Orange County Prosecutors Drop Death Penalty in Misconduct-Plagued Case, May Avoid Surrendering DNA Evidence

Kenneth Clair (pictured), whose California death sentence was overturned last year, says he is innocent and that the Orange County District Attorney’s office is withholding DNA evidence that would prove it. His prosecutors have declared that they will not seek the death penalty against Clair in a new sentencing hearing, and in so doing may avoid pretrial discovery proceedings in which they could have been required to turn over the potentially exclupatory DNA evidence to the defense. Clair was sentenced to death for the 1984 rape and murder of Linda Faye Rodgers. Two children who were eyewitnesses told first responders that the perpetrator was a white man, but police instead charged Clair, a black man, who had had been arrested for trespassing at the Rodgers’ home several days before the murder. At that time, Rodgers’ young daughter said that police “have the wrong man. That black man didn’t do it.” Although the murder scene was covered in blood, a woman who saw Clair shortly after the crime observed nothing unusual in his appearance. In the three decades since his trial, witnesses who testified for the prosecution have recanted, evidence emerged of an undisclosed deal the District Attorney’s Office made with one witness for his testimony against Clair, and the U.S. Court of Appeals for the Ninth Circuit found that Clair’s lawyer had provided ineffective representation in the penalty phase of his trial. The court overturned Clair’s death sentence, but not his conviction. In 2008, DNA testing implicated a man tied to a Fresno case, but District Attorney Tony Rackauckas has withheld the identity of that person, saying the man was too young in 1984 to have been the perpetrator. Clair told the OC Weekly in a recent interview, “I am an innocent man…. I’d bet $1 million, it’s a white person’s [DNA], like what the kids told the first responders.” Clair’s case is now before Superior Court Judge Thomas M. Goethals, who recently banned the entire Orange County DA’s office from participating in a separate death penalty case because of a history of misconduct involving its repeated failures to disclose the misuse of prison informants and the favorable deals it had offered those informants for their testimony against defendants.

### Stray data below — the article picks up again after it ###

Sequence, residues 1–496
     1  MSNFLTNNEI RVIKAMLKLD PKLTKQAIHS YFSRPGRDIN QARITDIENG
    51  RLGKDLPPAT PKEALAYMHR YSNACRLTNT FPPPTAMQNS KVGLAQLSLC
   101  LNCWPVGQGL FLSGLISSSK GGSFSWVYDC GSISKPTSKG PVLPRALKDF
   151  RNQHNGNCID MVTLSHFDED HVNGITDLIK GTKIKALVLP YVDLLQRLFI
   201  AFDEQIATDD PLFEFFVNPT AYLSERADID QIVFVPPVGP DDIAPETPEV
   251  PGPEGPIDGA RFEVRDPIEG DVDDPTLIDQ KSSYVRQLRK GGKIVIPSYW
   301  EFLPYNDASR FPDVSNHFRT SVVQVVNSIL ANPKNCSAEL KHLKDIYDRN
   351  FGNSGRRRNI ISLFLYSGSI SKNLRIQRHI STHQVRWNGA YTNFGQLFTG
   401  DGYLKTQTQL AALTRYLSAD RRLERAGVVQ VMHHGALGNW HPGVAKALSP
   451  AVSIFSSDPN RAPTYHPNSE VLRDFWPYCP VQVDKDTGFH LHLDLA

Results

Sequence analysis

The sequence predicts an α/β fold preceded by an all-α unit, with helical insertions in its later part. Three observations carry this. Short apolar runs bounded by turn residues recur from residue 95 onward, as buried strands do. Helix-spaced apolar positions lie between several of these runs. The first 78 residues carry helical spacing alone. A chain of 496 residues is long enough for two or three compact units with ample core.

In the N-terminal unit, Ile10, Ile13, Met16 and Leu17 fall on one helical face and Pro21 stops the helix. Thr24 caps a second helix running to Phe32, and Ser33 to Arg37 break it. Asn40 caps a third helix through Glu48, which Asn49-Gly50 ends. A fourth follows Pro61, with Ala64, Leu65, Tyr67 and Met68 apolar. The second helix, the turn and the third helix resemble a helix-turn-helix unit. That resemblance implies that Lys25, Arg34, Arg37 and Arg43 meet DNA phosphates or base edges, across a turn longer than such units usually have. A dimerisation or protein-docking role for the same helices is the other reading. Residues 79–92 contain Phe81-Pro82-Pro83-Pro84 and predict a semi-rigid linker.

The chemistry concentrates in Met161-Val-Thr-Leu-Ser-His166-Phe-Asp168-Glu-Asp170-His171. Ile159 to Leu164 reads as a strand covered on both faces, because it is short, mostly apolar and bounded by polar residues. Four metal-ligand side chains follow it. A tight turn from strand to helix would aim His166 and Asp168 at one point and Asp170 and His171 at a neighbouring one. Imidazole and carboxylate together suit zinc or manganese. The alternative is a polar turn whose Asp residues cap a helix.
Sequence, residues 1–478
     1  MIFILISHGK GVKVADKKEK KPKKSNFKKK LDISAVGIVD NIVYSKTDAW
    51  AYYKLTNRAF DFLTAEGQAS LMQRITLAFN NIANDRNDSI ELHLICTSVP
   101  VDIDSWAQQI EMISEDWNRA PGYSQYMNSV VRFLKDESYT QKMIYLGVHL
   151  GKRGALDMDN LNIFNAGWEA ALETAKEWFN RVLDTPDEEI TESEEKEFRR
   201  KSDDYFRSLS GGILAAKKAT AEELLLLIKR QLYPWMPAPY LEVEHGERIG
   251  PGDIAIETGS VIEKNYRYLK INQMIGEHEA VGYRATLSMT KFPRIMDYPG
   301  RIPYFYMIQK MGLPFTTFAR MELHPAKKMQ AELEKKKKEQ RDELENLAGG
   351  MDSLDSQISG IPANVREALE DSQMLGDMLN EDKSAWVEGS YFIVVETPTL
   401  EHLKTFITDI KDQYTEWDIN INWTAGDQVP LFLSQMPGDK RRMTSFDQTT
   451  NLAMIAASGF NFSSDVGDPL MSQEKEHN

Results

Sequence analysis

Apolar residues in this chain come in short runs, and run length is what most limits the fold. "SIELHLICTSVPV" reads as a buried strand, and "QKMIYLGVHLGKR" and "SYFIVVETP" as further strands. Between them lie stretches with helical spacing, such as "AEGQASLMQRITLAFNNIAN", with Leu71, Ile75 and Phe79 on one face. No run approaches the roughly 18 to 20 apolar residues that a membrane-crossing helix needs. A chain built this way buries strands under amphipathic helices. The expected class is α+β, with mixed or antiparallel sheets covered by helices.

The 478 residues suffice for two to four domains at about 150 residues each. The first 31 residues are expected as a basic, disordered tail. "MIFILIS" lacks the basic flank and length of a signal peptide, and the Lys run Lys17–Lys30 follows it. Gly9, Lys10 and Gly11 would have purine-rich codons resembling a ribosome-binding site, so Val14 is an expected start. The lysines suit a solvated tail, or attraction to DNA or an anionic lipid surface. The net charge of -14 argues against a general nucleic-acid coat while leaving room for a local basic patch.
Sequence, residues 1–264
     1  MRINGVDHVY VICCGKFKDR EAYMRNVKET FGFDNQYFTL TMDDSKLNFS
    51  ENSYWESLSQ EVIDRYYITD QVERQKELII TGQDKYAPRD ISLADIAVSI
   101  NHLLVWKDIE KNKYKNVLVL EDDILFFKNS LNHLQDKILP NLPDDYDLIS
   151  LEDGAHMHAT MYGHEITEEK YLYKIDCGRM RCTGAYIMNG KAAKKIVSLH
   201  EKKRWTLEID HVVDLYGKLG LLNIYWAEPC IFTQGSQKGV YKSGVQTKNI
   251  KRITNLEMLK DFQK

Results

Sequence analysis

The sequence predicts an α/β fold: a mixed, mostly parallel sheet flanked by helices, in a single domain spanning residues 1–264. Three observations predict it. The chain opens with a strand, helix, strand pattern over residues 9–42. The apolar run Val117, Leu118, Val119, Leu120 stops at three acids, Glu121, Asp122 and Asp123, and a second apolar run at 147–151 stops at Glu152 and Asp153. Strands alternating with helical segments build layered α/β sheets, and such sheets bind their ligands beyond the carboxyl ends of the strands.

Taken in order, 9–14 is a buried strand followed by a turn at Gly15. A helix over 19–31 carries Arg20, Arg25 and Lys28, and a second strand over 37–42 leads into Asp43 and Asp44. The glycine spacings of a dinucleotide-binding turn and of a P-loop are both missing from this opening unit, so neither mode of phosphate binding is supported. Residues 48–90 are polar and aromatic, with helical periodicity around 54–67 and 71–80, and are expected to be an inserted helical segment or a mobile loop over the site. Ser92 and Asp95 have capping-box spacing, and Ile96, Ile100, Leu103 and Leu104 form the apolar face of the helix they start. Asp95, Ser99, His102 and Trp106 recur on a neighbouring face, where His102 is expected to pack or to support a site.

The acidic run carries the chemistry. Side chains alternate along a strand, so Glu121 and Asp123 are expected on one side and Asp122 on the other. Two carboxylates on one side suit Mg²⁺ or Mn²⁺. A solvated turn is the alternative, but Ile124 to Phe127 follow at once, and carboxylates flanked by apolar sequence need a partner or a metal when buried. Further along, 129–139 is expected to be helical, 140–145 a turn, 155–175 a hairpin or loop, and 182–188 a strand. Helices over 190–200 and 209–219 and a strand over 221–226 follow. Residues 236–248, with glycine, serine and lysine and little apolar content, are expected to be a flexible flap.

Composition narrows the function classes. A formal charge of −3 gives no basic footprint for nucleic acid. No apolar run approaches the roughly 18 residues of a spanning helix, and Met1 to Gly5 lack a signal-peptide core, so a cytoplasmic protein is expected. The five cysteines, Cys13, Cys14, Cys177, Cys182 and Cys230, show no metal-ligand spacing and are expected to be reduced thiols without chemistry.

(R. Scott Moxley, “Death Penalty Hungry DA Suspiciously Loses Appetite In One Perplexing Case,” OC Weekly, April 6, 2016.) See Prosecutorial Misconduct.